Under stable metabolic conditions, the regulations of ROS still remain in equilibrium, which can be disturbed by (a) biotic stress (Gill & Tuteja, 2010; Rendón, Gratão, Salva, Azevedo, & Bragagnolo, 2013). Oxidative stress resulting from ROS induces a programmed cell death pathway (Li & Pritchard, 2009) leading to loss of seed viability as the deteriorating process proceeds during seed storage. Antioxidant enzymes may act directly in the elimination of ROS or repair damage to the organism (Barreiros, David, & David, 2006). The enzymatic protective mechanism, such as composed by superoxide dismutase (SOD), acts seeking to neutralize them, catalyzing the dismutation of O2●– generating H2O2 and O2 (Barbedo & Marcos Filho, 1998; Blokhina, Virolainen, & Fagerstedt, 2003; Nakada et al., 2010). SOD can be found in the cell cytoplasm and in the mitochondrial matrix, being the first line of cell defense against ROS in many organisms (Alscher, Erturk, & Health, 2002; Corte et al., 2010). However, under high stress conditions, the antioxidant defense system can be overwhelmed, losing its ability of fully protection (Alscher et al., 2002).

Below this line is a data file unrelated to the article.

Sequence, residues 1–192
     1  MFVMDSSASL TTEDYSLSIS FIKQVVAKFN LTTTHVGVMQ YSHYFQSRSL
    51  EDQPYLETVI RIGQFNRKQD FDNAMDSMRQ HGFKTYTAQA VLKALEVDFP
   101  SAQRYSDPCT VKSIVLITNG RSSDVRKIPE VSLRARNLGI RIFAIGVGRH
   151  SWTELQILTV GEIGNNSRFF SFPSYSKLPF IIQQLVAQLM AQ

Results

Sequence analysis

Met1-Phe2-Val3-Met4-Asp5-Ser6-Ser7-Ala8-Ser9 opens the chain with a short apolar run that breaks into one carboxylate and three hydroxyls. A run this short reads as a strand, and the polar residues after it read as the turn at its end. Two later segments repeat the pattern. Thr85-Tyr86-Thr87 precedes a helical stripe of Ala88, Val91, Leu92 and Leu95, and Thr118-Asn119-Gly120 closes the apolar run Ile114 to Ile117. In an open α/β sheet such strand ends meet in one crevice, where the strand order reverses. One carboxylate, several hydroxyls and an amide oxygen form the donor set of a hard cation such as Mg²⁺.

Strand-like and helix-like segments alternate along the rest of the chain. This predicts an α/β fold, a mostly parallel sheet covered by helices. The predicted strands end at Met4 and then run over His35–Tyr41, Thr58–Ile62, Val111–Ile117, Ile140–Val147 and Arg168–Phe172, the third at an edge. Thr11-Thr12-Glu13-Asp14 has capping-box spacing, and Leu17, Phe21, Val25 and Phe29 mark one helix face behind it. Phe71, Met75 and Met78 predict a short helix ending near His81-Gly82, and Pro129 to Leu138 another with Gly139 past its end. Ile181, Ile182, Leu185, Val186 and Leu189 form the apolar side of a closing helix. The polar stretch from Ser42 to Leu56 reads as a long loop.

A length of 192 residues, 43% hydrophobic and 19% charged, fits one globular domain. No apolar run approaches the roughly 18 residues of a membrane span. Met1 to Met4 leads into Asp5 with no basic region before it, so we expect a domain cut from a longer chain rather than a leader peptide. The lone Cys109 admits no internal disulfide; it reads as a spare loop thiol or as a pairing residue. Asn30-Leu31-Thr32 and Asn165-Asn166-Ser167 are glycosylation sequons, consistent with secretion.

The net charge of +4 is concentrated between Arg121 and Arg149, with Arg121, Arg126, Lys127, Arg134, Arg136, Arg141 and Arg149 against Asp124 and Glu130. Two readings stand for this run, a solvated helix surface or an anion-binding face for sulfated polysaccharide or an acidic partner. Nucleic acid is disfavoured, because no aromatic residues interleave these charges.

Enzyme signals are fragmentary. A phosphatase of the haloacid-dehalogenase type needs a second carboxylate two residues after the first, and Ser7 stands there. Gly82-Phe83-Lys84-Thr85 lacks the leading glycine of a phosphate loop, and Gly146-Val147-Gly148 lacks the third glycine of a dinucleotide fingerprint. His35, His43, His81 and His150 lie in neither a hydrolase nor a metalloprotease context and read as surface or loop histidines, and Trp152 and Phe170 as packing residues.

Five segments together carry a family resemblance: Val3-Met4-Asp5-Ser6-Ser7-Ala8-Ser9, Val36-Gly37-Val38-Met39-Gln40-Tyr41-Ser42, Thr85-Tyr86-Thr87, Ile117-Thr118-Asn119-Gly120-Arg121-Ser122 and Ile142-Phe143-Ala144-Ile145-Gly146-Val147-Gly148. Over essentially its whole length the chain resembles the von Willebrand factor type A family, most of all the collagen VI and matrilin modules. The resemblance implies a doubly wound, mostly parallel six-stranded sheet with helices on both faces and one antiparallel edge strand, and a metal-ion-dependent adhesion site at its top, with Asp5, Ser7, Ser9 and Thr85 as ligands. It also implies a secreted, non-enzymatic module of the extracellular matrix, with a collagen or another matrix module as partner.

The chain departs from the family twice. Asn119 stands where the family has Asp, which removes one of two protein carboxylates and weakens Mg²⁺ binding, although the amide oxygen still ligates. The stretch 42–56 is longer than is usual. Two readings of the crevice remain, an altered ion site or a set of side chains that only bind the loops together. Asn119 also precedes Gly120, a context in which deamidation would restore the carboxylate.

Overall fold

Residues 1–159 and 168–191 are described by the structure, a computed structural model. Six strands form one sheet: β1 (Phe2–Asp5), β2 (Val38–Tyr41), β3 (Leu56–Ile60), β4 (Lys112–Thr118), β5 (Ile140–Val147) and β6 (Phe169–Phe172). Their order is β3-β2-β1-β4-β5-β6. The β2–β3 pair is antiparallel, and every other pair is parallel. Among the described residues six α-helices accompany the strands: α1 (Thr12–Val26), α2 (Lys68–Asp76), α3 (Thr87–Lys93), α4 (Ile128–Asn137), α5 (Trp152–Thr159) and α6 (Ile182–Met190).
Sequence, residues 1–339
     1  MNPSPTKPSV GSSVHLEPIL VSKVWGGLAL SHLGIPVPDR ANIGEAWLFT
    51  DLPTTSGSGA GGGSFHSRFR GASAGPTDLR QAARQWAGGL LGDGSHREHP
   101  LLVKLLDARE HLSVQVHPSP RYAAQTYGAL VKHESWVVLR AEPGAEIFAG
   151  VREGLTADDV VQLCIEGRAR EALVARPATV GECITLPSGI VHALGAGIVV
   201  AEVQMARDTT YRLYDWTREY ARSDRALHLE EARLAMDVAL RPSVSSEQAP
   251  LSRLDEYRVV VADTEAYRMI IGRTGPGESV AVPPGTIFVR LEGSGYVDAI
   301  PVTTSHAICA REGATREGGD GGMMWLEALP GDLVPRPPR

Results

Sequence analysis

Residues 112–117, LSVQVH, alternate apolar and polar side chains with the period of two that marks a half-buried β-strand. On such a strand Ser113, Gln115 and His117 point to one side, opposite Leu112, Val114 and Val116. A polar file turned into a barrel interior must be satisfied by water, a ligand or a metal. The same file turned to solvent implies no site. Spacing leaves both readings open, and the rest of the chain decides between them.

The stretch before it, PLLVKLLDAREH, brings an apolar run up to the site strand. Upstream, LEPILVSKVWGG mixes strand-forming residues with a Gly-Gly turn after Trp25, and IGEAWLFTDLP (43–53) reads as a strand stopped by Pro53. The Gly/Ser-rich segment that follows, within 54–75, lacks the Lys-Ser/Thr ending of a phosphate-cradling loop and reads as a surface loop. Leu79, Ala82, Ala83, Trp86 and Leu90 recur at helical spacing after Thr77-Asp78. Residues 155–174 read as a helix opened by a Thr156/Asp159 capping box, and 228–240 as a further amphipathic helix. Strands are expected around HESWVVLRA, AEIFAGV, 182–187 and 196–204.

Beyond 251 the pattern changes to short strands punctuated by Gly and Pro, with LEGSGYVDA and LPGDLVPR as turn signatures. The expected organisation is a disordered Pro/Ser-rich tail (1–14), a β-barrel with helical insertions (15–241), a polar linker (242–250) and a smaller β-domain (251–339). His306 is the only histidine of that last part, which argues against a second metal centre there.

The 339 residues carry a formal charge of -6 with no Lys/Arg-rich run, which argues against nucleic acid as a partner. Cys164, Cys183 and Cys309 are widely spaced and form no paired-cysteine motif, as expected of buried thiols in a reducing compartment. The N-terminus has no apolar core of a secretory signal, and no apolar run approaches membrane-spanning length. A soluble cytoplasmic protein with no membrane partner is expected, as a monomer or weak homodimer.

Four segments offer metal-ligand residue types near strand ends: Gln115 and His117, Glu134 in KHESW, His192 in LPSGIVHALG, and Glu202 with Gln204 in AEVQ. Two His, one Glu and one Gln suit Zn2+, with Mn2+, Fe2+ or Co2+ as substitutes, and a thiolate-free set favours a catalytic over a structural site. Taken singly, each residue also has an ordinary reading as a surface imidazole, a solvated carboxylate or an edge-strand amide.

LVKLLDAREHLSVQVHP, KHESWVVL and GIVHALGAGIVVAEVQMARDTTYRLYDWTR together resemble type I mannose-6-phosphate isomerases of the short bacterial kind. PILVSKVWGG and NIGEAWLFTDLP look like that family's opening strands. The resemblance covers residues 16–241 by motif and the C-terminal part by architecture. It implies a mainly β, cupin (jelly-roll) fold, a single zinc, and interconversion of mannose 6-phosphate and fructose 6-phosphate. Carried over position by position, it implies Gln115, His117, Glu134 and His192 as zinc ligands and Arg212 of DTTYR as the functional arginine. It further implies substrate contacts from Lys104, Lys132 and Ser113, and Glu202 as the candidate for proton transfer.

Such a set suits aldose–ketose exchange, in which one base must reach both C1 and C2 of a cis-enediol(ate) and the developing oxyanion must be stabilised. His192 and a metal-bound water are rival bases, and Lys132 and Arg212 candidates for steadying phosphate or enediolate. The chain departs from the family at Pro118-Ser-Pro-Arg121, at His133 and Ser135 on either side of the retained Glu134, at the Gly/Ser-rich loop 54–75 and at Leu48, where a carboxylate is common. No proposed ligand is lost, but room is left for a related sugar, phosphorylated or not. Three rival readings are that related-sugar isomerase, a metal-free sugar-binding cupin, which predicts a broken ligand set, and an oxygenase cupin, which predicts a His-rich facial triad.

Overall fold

The peroxidation of stored lipids and components of membranes occurs when ROS levels reach a certain threshold, directly affecting normal cell function, besides aggravating oxidative stress through the production of radicals derived from lipids (Gill & Tuteja, 2010). Thus, lipid peroxidation has been considered one of the most damaging process to living organisms, and one of the major changes involved in seeds deterioration, promoting the formation of toxic by-products, the loss of selective permeability, and the degradation of DNA and proteins (Wilson & McDonald, 1986; Vidas et al., 1992; McDonald, 1999; Villela & Peres, 2004; Corbineau, 2012). Therefore, it can be correlated with the decline of vigor and viability, as observed in stored rubber seeds (Paula, Borges, Borges, & Paula, 1997).